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Tensions Soar as Armenia's Leadership Supports Illegal Separatist 'Inauguration'

By Mushvig Mehdiyev May 22, 2020


Khankendi city of Azerbaijan's Nagorno-Karabakh region occupied by Armenia / Alex Webb / National Geographic

Yerevan has once again fueled tensions with Baku by arranging a so-called "presidential inauguration" in the occupied Nagorno-Karabakh region of Azerbaijan.

Following Armenian Foreign Ministry's calling the fabricated oath of office a "democratic process," officials at the Foreign Ministry of Azerbaijan said that speaking about democracy in the territories of another country is a testament to the aggression shown by Yerevan.

"The fact that the Armenian Foreign Ministry called the show around the so-called “inauguration” in the occupied territories of Azerbaijan a “democratic process” testifies not only the true nature of this aggressor state but also how far it is from the concept of democracy," the ministry's spokesperson Leyla Abdullayeva said in a statement issued on Thursday.

"The occupation of the internationally recognized territory of another state, the ethnic cleansing of the people living there, thus a gross violation of human rights is called aggression in the language of modern international law, not democracy," the statement added.

After winning two-phase illegal "presidential elections" to the unrecognized separatist regime in the occupied Azerbaijani lands in March and April, Arayik Harutunyan was allegedly sworn in on Thursday in Azerbaijan's occupied Nagorno-Karabakh region's Shusha city. By participating in the so-called "inauguration", Armenia's Prime Minister Nikol Pashinyan, tried to justify the occupation of Azerbaijani lands, calling the move as "liberation" during his speech.

Head of the Azerbaijani Community of the occupied Nagorno-Karabakh region, Tural Ganjaliyev accused Armenia's leader of insulting the internally displaced persons (IDP) in Azerbaijan and inflicting a blow on the process for solving the conflict peacefully.

"This is in stark contrast to the intention to "prepare the peoples for peace" announced at a meeting of the Foreign Ministers of Armenia and Azerbaijan in January 2019," Ganjaliyev said.

Around one million Azerbaijanis remain internally displaced decades after a war that broke out in the Nagorno-Karabakh region of Azerbaijan in the early 1990s. Anti-Azerbaijan sentiments in Armenia that broke out in the late 1980s escalated into a full-blown war launched by Armenia against Azerbaijan in 1991. The four-year bloody war resulted in the killing of 30,000 ethnic Azerbaijanis and the occupation of 20 percent of Azerbaijan's internationally recognized territory.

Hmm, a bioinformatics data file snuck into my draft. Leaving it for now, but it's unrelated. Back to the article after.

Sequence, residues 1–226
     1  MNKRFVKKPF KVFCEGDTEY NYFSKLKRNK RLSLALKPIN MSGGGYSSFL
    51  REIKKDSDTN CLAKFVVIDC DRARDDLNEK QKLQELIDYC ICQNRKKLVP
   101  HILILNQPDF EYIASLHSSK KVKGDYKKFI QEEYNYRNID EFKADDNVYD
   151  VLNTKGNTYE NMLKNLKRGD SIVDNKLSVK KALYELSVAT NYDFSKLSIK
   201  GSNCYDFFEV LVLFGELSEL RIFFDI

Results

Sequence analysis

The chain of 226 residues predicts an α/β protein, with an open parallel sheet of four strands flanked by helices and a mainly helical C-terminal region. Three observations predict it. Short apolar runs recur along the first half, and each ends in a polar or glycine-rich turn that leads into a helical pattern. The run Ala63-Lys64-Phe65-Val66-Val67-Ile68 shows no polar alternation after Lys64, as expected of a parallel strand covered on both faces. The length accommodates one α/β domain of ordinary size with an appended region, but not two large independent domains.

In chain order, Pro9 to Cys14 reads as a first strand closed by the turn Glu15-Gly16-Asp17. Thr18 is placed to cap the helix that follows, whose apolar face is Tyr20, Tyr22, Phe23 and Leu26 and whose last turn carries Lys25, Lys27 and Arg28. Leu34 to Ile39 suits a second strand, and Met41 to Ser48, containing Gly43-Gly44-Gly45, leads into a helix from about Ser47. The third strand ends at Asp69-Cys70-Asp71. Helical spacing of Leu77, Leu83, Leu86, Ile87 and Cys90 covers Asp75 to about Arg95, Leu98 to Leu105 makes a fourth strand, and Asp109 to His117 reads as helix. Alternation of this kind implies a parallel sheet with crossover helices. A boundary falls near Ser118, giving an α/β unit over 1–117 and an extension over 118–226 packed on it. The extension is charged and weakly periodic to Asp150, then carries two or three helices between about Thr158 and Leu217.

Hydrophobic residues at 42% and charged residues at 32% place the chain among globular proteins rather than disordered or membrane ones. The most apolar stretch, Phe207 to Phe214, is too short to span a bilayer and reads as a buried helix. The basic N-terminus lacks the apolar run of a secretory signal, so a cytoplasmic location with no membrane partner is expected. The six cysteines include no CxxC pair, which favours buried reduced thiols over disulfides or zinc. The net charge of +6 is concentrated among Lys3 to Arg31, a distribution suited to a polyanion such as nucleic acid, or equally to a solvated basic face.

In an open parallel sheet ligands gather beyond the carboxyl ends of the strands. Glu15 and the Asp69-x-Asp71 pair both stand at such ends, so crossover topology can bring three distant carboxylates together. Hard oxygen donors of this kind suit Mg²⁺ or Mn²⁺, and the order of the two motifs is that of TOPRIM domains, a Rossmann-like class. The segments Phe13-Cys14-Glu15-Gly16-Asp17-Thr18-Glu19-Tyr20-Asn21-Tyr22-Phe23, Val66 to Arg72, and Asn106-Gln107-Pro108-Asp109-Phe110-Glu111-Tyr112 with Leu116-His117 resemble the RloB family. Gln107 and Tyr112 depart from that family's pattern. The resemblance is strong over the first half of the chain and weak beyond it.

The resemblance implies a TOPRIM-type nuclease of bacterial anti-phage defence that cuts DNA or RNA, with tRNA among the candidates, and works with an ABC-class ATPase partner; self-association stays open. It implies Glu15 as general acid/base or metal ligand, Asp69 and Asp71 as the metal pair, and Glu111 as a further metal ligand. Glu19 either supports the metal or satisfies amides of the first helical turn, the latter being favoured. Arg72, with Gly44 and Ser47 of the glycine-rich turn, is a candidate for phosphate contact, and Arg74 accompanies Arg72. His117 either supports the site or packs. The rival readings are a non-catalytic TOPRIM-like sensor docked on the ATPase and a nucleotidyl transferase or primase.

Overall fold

Despite four UN Security Council resolutions and repeated international calls for Armenia's withdrawal from the Nagorno-Karabakh region, Yerevan has continued to occupy Azerbaijani lands and maintained a military presence there, hence fueling one of the world's most dangerous and long-standing conflicts.

While Baku condemned the so-called "inauguration" in the Nagorno-Karabakh region as an act of provocation, spokesperson to the Foreign Ministry of Armenia Anna Naghdalyan portrayed the recent developments in the occupied Azerbaijani territories as "democratic processes" and pledged that Yerevan will continue cooperating with the illegal "authorities" that represent the so-called "people" of Nagorno-Karabakh.

Azerbaijani Foreign Ministry's Spokesperson Leyla Abdullayeva responded to her Armenian counterpart with fact-based remarks, saying Armenians living in Azerbaijan's Nagorno-Karabakh region are part of a community.

"As regards the term “people”, to which the Armenian Foreign Ministry refers, firstly, the Armenians in the Nagorno-Karabakh region of Azerbaijan are not the people, but the Armenian community living in this region," Abdullayeva said.

"Secondly, in order to talk about the principle of self-determination of peoples, the Armenian Foreign Ministry must first find out what this principle means, read the Helsinki Final Act, and only then refer to this principle," Abdullayeva added. "The fact that the aggressor country speaks about peace in its statements is the highest degree of hypocrisy. A country that wants peace will not pursue a policy of aggression, a country that seeks peace will not impede the negotiations process, and, finally, a supporter of peace will not be a serious threat to the peace itself."

Meanwhile, the European Union and the Minsk Group of the Organization for Security and Cooperation in Europe (OSCE), who mediates political negotiations for solving the Nagorno-Karabakh conflict, have earlier denounced the so-called "presidential elections" in the occupied Azerbaijani lands.

"This event cannot prejudice the determination of the future status of Nagorno-Karabakh or the outcome of the ongoing negotiation process," read the EU statement issued in March.